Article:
Scotch College, Melbourne

For other schools of the same name, see Scotch College (disambiguation).
Scotch College

Latin: Deo Patriae Litteris
("For God, for Country, and for Learning")[1]
1 Morrison Street
Hawthorn, Victoria, 3122
Coordinates 37°50′3″S 145°1′46″E / 37.83417°S 145.02944°E / -37.83417; 145.02944Coordinates: 37°50′3″S 145°1′46″E / 37.83417°S 145.02944°E / -37.83417; 145.02944
Type Independent, Day and Boarding
Denomination Presbyterian[2]
Established 1851[3]
Founder The Rev. James Forbes
Chairman The Hon. David A. Kemp
Headmaster Mr. I. Thomas Batty
Chaplain The Rev. Douglas Campbell
Staff ~300
Years P12
Gender Boys
Enrolment 1,868
Houses Bond, Davidson, Eggleston, Field, Fleming, Forbes, Gilray, Lawson, Littlejohn, Monash, Morrison, Selby-Smith
Colour(s) Cardinal, Gold and Blue

Scotch College is an independent Presbyterian day and boarding school for boys, located in Hawthorn, an inner-eastern suburb of Melbourne, Victoria, Australia.

Studies have found that Scotch had more alumni mentioned in Who's Who in Australia (a listing of notable Australians) than any other school.[4][5][6][7] It is one of the wealthiest schools in Australia.[8]

In 2010 The Age reported that Scotch College "has educated more of Australia's most honoured and influential citizens than any other school in the nation", based on research that revealed its alumni had received more top Order of Australia honours than any other school.[9]

The College was established in 1851 as "The Melbourne Academy", in a house in Spring Street, Melbourne, by Reverend James Forbes of the Free Presbyterian Church of Victoria.[10] It is the oldest extant secondary school in Victoria[3][11] and celebrated its sesquicentenary in 2001.

Scotch is a founding member of the Associated Public Schools of Victoria (APS),[12] and is affiliated with the International Coalition of Boys' Schools,[13] the Junior School Heads Association of Australia (JSHAA),[14] the Australian Boarding Schools' Association (ABSA),[11] the Association of Independent Schools of Victoria (AISV),[2] and the Headmasters' and Headmistresses' Conference.[15] The School is also a member of the G20 Schools Group and the Global Alliance of Leading-Edge Schools.


The School at its former East Melbourne site (circa 1906) prior to moving to the current site at Hawthorn
The Quadrangle at the school's current Hawthorn site (2009)
The Junior School (shown 2012) was the first part of the school to move to the current Hawthorn site

Scotch College is the oldest surviving secondary school in Victoria. Its foundation was due to the initiative of The Rev. James Forbes, of the Free Presbyterian Church, who arrived in 1838 as the first settled Christian minister in what became the colony of Victoria in 1851. It is 'the outcome of the old Scottish ideal of education', in which church and school were inextricably connected. The School opened on 6 October 1851, under the name of the Melbourne Academy in a small house in Spring Street, with Robert Lawson, a Scot from Edinburgh University, as the first principal. The house was soon outgrown, as was a larger one on the north-west corner of Spring and Little Collins Streets (later the Ulster Family Hotel) and the Church applied to the government for a grant of land. Two acres were reserved for the school on Eastern Hill and substantial new buildings were erected there in 1853. The cost was met partly by a government grant and partly from funds raised by the friends of the school.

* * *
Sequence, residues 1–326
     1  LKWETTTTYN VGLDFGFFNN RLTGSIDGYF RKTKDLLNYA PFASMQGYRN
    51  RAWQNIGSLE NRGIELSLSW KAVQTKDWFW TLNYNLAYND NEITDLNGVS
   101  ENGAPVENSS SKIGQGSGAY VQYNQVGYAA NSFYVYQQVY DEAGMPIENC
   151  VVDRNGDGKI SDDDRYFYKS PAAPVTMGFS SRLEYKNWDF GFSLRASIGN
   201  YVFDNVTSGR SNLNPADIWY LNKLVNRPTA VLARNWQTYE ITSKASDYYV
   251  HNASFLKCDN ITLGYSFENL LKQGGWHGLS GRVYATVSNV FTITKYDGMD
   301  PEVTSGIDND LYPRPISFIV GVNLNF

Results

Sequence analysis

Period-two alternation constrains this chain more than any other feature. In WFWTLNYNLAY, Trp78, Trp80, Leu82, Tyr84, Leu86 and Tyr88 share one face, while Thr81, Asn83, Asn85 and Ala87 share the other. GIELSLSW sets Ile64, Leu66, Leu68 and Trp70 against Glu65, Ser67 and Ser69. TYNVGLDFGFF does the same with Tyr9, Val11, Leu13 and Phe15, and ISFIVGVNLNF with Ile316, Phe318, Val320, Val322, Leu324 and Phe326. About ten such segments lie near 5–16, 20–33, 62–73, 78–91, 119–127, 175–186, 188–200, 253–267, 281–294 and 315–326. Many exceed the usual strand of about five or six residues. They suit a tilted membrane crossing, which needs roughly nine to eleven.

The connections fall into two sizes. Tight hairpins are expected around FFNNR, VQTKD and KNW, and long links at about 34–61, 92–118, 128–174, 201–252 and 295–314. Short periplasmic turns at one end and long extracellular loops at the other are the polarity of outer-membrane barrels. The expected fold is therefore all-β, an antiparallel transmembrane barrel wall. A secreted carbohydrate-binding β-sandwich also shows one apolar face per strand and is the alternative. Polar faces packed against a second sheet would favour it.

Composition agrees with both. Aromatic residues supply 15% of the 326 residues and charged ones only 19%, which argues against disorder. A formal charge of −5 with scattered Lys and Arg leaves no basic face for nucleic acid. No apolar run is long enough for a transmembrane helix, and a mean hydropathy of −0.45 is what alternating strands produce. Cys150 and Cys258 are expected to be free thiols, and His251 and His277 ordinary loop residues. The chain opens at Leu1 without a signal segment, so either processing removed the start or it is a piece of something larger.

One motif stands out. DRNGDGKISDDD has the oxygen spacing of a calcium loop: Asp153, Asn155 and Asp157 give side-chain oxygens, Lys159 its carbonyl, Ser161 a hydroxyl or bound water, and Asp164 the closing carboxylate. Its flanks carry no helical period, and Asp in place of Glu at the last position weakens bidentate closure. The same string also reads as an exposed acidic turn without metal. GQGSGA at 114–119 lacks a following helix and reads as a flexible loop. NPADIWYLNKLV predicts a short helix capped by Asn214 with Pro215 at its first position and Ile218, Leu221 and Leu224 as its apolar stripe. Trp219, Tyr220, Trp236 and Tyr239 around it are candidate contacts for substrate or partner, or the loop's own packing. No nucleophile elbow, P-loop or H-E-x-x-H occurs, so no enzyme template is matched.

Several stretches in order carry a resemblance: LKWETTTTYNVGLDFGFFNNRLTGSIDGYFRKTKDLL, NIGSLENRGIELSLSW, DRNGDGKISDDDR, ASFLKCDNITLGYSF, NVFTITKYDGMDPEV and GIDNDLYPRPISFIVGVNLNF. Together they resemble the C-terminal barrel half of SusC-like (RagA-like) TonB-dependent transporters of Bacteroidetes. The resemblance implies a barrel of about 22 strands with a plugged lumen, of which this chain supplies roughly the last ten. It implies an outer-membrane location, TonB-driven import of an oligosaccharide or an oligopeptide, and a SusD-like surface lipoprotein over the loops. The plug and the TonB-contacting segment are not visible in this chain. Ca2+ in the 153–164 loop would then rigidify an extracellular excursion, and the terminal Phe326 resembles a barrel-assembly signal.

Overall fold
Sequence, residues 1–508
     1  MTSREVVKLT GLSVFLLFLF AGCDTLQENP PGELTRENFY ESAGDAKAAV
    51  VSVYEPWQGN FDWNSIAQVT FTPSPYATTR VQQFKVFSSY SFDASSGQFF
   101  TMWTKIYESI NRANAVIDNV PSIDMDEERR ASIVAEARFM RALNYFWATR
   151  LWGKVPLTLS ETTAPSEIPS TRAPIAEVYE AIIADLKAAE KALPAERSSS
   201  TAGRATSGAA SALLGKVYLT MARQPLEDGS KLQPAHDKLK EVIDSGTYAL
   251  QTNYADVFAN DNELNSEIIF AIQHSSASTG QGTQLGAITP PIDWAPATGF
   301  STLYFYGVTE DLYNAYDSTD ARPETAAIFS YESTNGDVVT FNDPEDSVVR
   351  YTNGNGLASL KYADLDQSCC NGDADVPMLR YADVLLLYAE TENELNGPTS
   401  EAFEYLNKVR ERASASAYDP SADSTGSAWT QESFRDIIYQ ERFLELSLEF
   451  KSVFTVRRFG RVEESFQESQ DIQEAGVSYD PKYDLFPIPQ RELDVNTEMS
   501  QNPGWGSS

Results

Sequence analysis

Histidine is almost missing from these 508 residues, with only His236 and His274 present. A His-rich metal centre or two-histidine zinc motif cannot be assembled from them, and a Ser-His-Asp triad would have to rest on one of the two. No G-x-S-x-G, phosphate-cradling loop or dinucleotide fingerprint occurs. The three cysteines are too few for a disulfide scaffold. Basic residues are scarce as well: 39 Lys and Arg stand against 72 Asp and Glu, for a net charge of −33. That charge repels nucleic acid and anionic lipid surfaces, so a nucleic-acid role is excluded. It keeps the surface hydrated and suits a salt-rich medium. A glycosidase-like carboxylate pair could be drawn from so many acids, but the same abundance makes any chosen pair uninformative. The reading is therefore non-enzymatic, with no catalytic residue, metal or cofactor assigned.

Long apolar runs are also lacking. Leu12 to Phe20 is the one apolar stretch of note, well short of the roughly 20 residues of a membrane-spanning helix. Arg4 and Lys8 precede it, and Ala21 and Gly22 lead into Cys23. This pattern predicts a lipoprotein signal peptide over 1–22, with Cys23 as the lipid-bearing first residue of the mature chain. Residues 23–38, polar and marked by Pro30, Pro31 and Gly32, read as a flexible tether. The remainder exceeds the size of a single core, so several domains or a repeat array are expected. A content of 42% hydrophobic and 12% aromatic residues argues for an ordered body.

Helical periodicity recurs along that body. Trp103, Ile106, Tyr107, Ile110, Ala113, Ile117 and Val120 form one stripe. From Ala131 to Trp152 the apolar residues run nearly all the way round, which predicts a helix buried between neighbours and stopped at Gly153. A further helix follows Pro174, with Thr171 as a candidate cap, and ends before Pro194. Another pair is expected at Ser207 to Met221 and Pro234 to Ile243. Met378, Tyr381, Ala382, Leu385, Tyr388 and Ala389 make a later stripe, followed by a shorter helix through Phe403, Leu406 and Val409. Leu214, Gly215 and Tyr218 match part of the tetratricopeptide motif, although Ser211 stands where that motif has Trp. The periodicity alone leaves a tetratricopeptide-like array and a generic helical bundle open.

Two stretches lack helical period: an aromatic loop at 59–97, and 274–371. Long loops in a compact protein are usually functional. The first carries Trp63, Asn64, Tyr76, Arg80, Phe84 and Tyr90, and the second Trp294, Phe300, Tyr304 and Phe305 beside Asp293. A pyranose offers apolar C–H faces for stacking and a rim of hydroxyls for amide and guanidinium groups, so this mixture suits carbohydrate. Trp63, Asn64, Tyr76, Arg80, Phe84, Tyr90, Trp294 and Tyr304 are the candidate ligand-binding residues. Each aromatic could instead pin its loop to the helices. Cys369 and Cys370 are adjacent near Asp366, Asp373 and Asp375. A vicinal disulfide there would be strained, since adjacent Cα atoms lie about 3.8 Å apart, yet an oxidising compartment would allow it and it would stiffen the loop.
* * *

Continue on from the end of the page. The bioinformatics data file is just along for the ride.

Lawson resigned in 1856. Under his successor, Alexander Morrison, the school grew and prospered; it came under the oversight of the newly formed Presbyterian Church of Victoria in 1859. Morrison had been Rector of Hamilton Academy and remained at Scotch for forty six years. William Still Littlejohn, who took over the school in 1904, served for twenty nine years and his successor, Colin Macdonald Gilray, for nineteen. So, when the school became the first in Victoria to celebrate its centenary, Gilray was only the fourth principal.

Gilray was succeeded in 1953 by R Selby Smith, an Old Rugbeian who had served in the Royal Navy during the war and was at the time of his appointment Deputy Director of Education for Warwickshire. Smith resigned in 1964 to become the Foundation Dean of Education at Monash University.

C O Healey who had been Headmaster of Sydney Grammar School since 1951 succeeded Smith. Healey retired in January 1975.

In the following May, P A V Roff, formerly Headmaster of Scotch College, Adelaide, was installed as the seventh principal of the college. Roff 's tenure, though a brief seven years, was characterised by an expanding voice for staff in the day-to-day management of the school, the establishment of a Foundation Office at the School under the direction of a Development Officer and the widening of the House System to provide greater depth in pastoral care. His last few years saw the school in dispute over ownership and, for the principal and his school community, it was a time of stress. In 1980 the decision was made to incorporate the school and a new Council was appointed, with representatives from the Presbyterian Church, the Old Scotch Collegians' Association and the community at large.

F G Donaldson, a vice principal from Wallace High School (Northern Ireland), with a Doctorate of Philosophy in Atomic Physics from Queens University Belfast, succeeded Roff in 1983. Under his principalship there has been a significant building program which has created outstanding facilities for the education of boys, the development of ICT for administrative and educational purposes and enhanced pastoral care of students.

I Tom Batty, was appointed as the ninth principal of Scotch and installed into office on Monday 14 July 2008. Prior to his appointment he was Housemaster of Villiers House, Eton College in the UK. The early years of Batty’s tenure have seen the introduction of a new House-based pastoral care structure in the Upper School, which began at the start of the 2011 school year.